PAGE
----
“Theory?” she lashed out with a laugh played to the back row. Her arms swept across the desk, the evidence. She jumped out of her chair and started to grandly collect her photos.
“Huh?” I really just wanted her to get the hell out of my office ten minutes ago.
“You mean my truth!” She flumped back into the chair in defeat. Oh, God, she's never going to leave. “I just want to find my sisters.”
While I watched her arrange her pictures again in a sort of pre-determined truth trail, I assured her I found her life story a compelling inspiration for a book. The notion of a long-lost heir to Hollywood royalty coming to crash the party intrigued me, and I thought I could potentially get her a book deal. Finally, I was able to direct her through the double doors of my office, making sure she received parking validation.
There was one person I thought might take the bait. I can’t remember if Kitty Kelley’s tell-all on Frank Sinatra had already been released or not, but I was sure that if anyone could do the research and sell this project, it would be Kitty. I tracked her down through a friend, spilling out Lizorna’s story in what I hoped was a more coherent narrative. Kitty told me she would dig around a little bit and call me back. A few days later, she did.
Kitty explained that she’d found no information to support Lizorna’s claims and was starting a new project that would rule out any possibility of further investigation. She thanked me for thinking of her. I thought of calling others. I didn’t. Sidetracked with other projects and the endless supply of cocaine on my desk, I didn’t think of it at all until Lizorna called back a few weeks later.
“Well?” she said.
“Kitty Kelley is working on another project right now and she has passed…” I started.
“Can I meet her?” she interrupted.
“I’m afraid not. I can pitch it to a few other people, but the subject seems too hot to handle,” I added the last part in the vain hope that she would be excited about the prospect of her story being controversial.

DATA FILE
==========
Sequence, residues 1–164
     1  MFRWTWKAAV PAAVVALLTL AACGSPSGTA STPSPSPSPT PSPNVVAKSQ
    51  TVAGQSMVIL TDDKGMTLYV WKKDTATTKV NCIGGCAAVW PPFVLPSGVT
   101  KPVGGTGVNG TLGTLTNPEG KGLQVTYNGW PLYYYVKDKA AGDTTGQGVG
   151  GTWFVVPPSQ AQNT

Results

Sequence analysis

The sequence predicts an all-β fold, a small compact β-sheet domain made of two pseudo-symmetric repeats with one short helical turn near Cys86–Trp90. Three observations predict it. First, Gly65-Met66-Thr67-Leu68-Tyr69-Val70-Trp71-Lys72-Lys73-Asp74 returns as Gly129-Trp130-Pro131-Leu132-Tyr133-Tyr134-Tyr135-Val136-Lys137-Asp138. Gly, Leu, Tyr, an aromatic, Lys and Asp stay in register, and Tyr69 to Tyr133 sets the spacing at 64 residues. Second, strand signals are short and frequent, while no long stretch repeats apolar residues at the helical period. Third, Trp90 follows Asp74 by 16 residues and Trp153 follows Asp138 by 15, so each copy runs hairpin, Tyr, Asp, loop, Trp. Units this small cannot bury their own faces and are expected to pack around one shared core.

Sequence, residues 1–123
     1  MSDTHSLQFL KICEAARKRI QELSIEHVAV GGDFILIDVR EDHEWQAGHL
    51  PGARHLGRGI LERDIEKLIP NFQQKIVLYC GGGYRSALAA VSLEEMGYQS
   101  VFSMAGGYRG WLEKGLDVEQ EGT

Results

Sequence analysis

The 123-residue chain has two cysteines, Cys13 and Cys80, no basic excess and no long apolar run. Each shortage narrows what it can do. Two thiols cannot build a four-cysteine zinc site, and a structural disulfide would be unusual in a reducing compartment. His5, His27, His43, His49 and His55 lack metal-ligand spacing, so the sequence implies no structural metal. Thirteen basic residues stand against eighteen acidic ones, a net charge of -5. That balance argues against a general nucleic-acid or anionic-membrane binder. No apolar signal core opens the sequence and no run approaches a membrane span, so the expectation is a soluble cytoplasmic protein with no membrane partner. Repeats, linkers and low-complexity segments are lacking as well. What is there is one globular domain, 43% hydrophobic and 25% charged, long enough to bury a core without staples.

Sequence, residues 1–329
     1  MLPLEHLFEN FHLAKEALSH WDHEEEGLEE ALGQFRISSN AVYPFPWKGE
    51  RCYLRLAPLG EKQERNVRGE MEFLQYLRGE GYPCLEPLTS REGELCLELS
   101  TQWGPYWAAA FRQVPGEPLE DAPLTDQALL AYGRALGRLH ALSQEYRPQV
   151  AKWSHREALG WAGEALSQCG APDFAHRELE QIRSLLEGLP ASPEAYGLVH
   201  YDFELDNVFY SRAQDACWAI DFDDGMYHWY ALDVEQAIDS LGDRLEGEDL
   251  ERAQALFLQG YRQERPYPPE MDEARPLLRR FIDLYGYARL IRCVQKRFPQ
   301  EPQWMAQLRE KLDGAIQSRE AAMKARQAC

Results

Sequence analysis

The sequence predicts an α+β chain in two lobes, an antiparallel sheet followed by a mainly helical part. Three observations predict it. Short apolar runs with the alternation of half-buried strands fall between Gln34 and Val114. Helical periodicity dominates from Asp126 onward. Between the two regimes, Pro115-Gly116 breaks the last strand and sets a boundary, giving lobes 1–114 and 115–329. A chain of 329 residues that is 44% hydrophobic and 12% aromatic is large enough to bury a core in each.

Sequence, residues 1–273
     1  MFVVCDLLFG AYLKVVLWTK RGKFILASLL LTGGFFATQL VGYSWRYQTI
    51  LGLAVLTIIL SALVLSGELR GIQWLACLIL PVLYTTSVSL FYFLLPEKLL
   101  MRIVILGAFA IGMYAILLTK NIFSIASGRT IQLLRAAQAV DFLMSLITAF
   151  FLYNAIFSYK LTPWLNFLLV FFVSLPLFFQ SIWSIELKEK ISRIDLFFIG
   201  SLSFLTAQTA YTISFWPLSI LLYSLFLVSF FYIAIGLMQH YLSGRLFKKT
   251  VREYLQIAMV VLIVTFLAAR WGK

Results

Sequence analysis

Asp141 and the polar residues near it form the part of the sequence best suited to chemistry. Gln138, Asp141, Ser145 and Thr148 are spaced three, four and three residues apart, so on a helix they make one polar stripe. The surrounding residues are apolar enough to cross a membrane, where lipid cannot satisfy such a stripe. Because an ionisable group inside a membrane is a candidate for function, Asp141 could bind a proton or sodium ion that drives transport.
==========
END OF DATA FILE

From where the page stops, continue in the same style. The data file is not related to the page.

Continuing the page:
“That’s been the story of my life!” Lizorna yelled. She was upset. “No one wants to hear the truth! No one! And I’m real! I’m a real person!” She had just jumped over the rainbow’s edge.
“If I’m able to move this forward at all, I promise to call you,” I said with reptile calm, playing with the track of white on my dark desk, carefully arranging it, tending to it like a Zen gardener, just waiting for the end of an endless, pointless waste of my time.
She sniffled out a thwarted “good-bye” and hung up. I sat for a second wondering why this woman had concocted this odd tale. What had fed her life-long need for attention, her endless search for her truth? Maybe she was right; she could well have been one more hushed secret in Hollywood. I started to pity her, for all of about ten seconds, then took another call, did another bump, and demoted Lizorna to a party anecdote until she stopped getting an easy laugh, then just let her fade into memory.
Cocaine took a permanent hike as the nineties rolled in. Insomnia continues to make itself comfortable when all of my life's mistakes come to life again, reminding me they're always just a whisper away. These days, I simply content myself with a tranquilizer and the flickering lullaby of old films on the TV, and I pray for quick slumber.
A few weeks ago, Easter Parade was playing. I thought of Lizorna for the first time in fifteen years, my mind wandering back, realizing that she wasn’t the joke. I opened one eye and carefully studied every profile shot of Judy. Indeed, it seemed, she did look a little pudgy in that film. I closed my eyes tighter than usual, hoped Lizorna found what she needed, and I humbly drifted to sleep.